USD Conference Looks at Adding Peace to the Bottom Line

Peace and commerce are not often considered related but a group of international experts will explore the link at a University of San Diego conference from Oct. 3 to 5.

The “Leadership for Peace and Prosperity Conference” will explore the idea that “peace and commerce can be mutually reinforcing and complementary,” said Steve Conroy, USD professor of economics and Faculty Director of USD’s Center for Peace and Commerce.

Business leaders from San Diego and around the world are invited to attend the event to discuss the interconnectedness and interdependence of business and peace. “On the one hand, business can promote peace and prosperity, “ said Denise Dimon, USD professor and Director of USD’s Ahlers Center for International Business. “On the other hand, having a peaceful, non-violent society also can lead to greater business development and prosperity.”

USD’s conference will bring practitioners from both the business and the academic worlds to share best practices, the latest scholarship and insight on the dynamic connections between conflict, violence, sustainable peace and business.

Speakers include Steve Killelea, a successful Australian high-tech entrepreneur who has also established the Institute for Economics and Peace and the Global Peace Index. "Business leaders intrinsically understand that there is a relationship between business, peace, growth in markets and improvements in cost,” he said. “Yet there is little research that incorporates changes in peace in their strategic business planning."

Other speakers include Molly Gavin, senior director at Qualcomm Inc.; David Stephens, special advisor to the Grameen Foundation and Nobel Laureate Muhammad Yunus; Vidal Garza, director of the FEMSA Foundation in Mexico and other business leaders.

The public is invited to attend the conference on the morning of Friday, Oct. 4. to hear from speakers and several panels. The panels will cover topics from impact investing, extractive industries and the community, as well as how organizations are supporting sustainable local business development. There is no charge to attend the Friday morning event. To learn more and register, go to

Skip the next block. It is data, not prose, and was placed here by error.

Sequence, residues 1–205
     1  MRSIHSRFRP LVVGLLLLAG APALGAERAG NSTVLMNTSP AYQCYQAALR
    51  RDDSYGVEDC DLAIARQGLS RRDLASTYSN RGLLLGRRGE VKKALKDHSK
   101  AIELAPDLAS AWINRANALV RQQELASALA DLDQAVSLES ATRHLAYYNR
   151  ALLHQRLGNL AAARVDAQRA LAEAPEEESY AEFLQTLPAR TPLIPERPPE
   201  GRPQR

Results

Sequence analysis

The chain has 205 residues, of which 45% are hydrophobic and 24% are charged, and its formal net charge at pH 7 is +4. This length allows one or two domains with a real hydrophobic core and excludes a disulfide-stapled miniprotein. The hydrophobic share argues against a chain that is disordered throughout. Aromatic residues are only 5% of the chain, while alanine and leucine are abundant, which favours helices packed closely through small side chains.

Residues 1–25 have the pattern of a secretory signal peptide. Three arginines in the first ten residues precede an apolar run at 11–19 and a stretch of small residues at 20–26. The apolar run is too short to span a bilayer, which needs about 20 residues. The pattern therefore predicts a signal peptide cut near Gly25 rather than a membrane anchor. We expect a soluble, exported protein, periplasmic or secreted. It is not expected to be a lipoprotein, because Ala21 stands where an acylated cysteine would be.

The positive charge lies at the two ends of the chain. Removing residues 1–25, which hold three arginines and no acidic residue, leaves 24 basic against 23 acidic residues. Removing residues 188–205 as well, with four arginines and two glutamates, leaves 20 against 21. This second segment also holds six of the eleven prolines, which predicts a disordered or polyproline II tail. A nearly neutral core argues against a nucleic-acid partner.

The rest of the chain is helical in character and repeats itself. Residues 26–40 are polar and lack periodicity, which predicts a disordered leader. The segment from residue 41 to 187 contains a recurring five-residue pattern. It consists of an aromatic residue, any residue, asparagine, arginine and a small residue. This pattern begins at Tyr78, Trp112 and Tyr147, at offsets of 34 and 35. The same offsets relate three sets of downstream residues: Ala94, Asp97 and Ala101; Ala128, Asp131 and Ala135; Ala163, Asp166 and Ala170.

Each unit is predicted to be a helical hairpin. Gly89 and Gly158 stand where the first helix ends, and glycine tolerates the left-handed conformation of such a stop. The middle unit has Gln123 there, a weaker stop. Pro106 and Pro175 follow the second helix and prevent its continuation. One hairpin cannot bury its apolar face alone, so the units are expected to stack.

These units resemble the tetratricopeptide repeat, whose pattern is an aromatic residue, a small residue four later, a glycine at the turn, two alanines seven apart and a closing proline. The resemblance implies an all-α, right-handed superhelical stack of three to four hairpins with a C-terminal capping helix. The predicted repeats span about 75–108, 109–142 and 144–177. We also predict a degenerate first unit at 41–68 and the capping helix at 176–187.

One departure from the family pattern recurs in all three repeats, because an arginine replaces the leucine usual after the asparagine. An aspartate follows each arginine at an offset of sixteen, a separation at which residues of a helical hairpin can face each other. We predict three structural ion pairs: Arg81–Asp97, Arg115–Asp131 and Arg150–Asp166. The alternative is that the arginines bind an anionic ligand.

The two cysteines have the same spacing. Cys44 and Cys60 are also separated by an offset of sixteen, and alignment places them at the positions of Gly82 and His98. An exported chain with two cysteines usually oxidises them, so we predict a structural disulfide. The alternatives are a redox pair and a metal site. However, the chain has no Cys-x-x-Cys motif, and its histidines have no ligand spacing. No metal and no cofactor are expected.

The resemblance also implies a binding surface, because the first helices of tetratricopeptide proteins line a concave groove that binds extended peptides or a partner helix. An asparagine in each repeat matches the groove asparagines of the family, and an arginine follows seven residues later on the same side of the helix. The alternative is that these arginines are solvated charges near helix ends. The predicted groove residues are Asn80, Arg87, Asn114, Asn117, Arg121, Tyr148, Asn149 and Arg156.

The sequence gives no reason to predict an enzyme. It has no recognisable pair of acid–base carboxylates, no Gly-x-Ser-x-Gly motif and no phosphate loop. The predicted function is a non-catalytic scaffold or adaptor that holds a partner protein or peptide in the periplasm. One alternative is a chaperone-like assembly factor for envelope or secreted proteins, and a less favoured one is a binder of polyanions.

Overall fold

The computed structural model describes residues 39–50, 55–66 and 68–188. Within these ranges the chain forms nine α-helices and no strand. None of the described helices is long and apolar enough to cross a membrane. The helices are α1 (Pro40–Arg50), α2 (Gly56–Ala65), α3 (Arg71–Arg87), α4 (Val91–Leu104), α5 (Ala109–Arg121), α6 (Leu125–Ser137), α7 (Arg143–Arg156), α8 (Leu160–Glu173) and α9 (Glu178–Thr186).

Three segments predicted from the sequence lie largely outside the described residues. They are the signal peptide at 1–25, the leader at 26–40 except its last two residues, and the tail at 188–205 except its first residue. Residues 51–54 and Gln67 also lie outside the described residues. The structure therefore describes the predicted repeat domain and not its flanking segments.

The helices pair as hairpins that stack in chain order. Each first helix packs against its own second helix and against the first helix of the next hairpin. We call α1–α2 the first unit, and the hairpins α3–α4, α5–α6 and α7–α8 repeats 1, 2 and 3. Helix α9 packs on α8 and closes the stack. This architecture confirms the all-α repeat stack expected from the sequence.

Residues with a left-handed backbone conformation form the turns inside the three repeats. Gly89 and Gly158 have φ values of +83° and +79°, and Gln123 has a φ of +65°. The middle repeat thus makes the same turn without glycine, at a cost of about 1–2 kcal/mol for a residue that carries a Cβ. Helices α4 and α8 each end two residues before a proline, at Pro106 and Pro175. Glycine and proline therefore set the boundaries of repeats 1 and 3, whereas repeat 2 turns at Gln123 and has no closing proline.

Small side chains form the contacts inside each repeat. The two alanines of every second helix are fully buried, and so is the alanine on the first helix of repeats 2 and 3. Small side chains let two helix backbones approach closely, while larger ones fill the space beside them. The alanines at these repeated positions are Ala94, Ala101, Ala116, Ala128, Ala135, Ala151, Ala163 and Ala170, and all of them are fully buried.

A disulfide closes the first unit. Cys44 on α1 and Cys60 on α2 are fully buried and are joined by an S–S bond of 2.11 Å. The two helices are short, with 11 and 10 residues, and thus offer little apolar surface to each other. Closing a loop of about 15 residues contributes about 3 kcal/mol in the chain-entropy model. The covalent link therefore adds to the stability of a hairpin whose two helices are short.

The conference continues on Friday afternoon and Saturday where academics have been invited to submit papers on topics such as the role businesses can play in developing a more peaceful society, conducting business in zones of conflict and post-conflict areas, and current practices involving businesses in peace efforts and other subjects.

The University of San Diego’s Center for Peace and Commerce, Ahlers Center for International Business, Joan B. Kroc Institute for Peace & Justice, along with the Institute for Economics and Peace, a nonprofit think tank, are co-sponsoring the conference.

About the University of San Diego

The University of San Diego sets the standard for an engaged, contemporary Catholic university where innovative Changemakers confront humanity’s urgent challenges. With more than 8,000 students from 75 countries and 44 states, USD is the youngest independent institution on the U.S. News & World Report list of top 100 universities in the United States. USD’s eight academic divisions include the College of Arts and Sciences, the School of Business, the Shiley-Marcos School of Engineering, the School of Law, the School of Leadership and Education Sciences, the Hahn School of Nursing and Health Science, the Joan B. Kroc School of Peace Studies, and the Division of Professional and Continuing Education. USD recently concluded our successful $317M Leading Change: The Campaign for USD, which represented the most ambitious fundraising effort in the history of the university. In September 2016, USD introduced Envisioning 2024, a strategic plan that capitalizes on the university’s recent progress and aligns new strategic goals with current strengths to help shape a vision for the future as the university looks ahead to its 75th anniversary in the year 2024.


Denise Ward
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